Likewise, many people believe that the ad valorem property tax is like an income tax where you can’t appeal. In fact, “ad valorem” is Latin for “according to value,” which means the amount you owe in taxes is based on the value of your property.
Through the tax protest process, you can appeal your home’s value on a local level. You can take it through further appeal, arbitration, mediation, and more thorough litigation. You can fight it all the way up to the Texas Supreme Court.
Unfortunately, a 2019 study conducted in Bexar County showed of the 135,000 appeals that were filed that year, only 6% received a reduction in value. This means that for 94% of the appeals, there was no change in their value.
So, there's still a large gap between the reduction on a local level through an arbitration level. But then, there's an even larger gap between those that had no change in the appeal at all in 2019.
These people are walking away from the fight when they could actually win, if only they were knowledgeable about having the opportunity to stand up for themselves.
What impact is gentrification having on property tax rates?
Tyreo: This isn't a slight impact. This is, “I'm going to lose my house because I can't afford my taxes.”
It seems like there should be more that could be done to prevent this from happening. A system in which you can still invest in your city and enjoy it without it destroying the livelihoods and any sense of wealth creation for so many.
Michael: I agree with you that you want to see the development of the cities. You want to see cities continue to grow and have opportunities, but not at the expense of the people of the community. The people are what make up the community. I don’t agree with the approach that the only way we can develop and make our city better is at the sacrifice of the very people that make up the community.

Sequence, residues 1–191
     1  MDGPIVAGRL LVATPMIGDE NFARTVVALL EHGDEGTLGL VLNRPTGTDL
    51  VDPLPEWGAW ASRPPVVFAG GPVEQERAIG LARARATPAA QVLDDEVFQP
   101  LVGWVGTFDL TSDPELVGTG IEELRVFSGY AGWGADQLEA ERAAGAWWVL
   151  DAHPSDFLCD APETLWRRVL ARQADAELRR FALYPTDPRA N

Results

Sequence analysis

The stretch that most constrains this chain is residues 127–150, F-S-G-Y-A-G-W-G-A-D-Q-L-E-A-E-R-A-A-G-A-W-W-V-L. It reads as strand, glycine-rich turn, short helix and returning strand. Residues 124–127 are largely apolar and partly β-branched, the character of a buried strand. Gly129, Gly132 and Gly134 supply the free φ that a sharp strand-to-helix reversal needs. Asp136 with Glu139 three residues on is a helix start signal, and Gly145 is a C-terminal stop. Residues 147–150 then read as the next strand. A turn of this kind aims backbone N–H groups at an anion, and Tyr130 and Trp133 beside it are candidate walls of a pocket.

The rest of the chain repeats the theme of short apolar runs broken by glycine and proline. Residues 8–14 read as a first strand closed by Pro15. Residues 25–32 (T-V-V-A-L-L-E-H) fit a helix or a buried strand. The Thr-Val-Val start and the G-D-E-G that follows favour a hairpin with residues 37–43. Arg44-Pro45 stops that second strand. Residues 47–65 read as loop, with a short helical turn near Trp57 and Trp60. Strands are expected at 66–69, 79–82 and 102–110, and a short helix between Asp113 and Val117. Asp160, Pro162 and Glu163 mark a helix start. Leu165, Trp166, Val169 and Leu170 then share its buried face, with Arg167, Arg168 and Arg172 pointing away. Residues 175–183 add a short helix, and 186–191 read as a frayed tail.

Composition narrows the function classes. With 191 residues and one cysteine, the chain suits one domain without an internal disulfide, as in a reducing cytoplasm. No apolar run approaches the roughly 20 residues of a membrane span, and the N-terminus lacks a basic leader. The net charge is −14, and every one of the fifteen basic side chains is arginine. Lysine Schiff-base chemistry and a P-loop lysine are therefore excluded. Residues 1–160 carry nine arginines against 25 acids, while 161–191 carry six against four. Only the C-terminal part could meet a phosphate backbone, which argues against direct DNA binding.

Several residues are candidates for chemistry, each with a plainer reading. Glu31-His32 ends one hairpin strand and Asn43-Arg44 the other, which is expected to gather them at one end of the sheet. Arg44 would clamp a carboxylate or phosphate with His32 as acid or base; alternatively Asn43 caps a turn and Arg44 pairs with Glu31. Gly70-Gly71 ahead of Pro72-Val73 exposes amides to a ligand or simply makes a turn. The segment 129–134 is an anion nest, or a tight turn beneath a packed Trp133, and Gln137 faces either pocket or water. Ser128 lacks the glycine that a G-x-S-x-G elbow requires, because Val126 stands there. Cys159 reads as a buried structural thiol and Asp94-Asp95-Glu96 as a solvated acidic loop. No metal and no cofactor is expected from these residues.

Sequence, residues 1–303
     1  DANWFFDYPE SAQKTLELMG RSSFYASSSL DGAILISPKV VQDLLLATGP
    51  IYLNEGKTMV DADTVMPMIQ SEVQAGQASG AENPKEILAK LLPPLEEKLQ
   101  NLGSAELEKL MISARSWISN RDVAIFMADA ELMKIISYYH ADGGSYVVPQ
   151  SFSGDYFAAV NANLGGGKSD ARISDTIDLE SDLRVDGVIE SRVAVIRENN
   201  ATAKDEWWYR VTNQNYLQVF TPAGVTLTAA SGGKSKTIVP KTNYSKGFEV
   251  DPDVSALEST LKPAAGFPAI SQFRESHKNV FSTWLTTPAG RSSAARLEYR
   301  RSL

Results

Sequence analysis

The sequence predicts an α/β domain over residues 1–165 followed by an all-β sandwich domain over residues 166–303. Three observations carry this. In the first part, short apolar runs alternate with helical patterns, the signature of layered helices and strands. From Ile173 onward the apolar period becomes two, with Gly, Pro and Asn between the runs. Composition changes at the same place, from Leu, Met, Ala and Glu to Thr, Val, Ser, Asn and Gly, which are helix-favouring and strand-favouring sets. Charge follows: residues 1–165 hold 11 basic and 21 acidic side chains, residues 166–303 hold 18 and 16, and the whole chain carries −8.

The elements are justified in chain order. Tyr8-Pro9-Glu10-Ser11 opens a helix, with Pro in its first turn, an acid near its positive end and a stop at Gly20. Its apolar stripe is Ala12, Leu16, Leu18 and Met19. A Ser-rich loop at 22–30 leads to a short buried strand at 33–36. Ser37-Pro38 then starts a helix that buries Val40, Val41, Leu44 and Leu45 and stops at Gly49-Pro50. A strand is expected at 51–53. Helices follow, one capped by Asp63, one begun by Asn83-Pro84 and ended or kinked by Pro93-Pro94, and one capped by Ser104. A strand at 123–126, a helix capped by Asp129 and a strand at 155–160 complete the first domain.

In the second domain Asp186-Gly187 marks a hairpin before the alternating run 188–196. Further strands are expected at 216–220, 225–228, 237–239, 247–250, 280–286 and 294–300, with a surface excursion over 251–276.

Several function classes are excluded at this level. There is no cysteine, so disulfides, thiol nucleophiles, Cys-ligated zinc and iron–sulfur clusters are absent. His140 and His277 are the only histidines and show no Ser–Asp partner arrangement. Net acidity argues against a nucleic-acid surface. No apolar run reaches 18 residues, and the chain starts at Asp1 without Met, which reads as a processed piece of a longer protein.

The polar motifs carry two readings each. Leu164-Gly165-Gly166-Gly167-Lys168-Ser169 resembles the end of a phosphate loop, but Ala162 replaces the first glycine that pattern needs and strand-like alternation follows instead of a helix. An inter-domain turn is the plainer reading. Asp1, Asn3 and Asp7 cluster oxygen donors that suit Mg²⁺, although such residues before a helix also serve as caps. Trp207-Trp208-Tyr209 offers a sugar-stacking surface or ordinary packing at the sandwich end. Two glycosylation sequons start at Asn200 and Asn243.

There must be a better way.
I don't think it's conscious or intentional that they are targeting lower-income families. I think they are driven by historically rooted practices that are now antiquated that they refuse to change.
Today, there are people at the appraisal district—appraisers and managers—who know there is a systemic issue at play, but they also are not the decision makers that can make a change to what needs to be changed.
I believe deeply that it’s extremely important for everyone who touches the real estate industry to be on the same page. Adopting uniform practices—whether they’re related to lending, property tax, mortgage, or whatever it may be—should be a central focus, as should set a goal for every homeowner to have educational resources available to them so that they can make the best-informed decision for themselves as well as their families.
Check out the full conversation below!
As Executive Vice President, Lending & Insurance Solutions, Ty Harrison leads teams of lending and insurance professionals that are dedicated to delivering value-added programs, services and technology tailored to address the needs of lenders, loan servicers, portfolio managers, mortgage brokers, insurance agents and insurance brokers.